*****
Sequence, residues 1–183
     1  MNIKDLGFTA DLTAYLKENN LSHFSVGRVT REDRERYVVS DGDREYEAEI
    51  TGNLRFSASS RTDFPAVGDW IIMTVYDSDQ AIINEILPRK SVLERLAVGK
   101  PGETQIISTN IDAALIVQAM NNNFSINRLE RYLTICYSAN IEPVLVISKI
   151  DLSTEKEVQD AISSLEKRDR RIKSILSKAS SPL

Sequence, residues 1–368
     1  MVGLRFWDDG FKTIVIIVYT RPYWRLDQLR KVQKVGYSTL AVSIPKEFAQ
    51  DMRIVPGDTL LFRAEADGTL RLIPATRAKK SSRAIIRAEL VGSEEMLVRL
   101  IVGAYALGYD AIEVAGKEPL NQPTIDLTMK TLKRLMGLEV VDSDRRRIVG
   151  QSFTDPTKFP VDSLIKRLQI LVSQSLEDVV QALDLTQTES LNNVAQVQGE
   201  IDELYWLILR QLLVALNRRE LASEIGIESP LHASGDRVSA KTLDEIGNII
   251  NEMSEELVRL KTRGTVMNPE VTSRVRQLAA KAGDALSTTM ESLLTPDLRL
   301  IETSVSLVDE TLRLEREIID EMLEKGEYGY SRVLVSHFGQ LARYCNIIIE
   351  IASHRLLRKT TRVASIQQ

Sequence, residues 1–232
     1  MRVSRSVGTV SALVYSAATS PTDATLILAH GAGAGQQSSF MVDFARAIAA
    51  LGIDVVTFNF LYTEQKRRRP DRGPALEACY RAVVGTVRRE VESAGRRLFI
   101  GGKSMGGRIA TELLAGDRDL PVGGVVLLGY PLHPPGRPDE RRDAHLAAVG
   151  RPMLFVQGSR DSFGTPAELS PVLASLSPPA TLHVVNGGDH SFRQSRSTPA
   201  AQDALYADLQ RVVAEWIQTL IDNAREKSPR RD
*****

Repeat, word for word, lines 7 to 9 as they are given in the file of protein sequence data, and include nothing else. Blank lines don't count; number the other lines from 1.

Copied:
     1  MVGLRFWDDG FKTIVIIVYT RPYWRLDQLR KVQKVGYSTL AVSIPKEFAQ
    51  DMRIVPGDTL LFRAEADGTL RLIPATRAKK SSRAIIRAEL VGSEEMLVRL
   101  IVGAYALGYD AIEVAGKEPL NQPTIDLTMK TLKRLMGLEV VDSDRRRIVG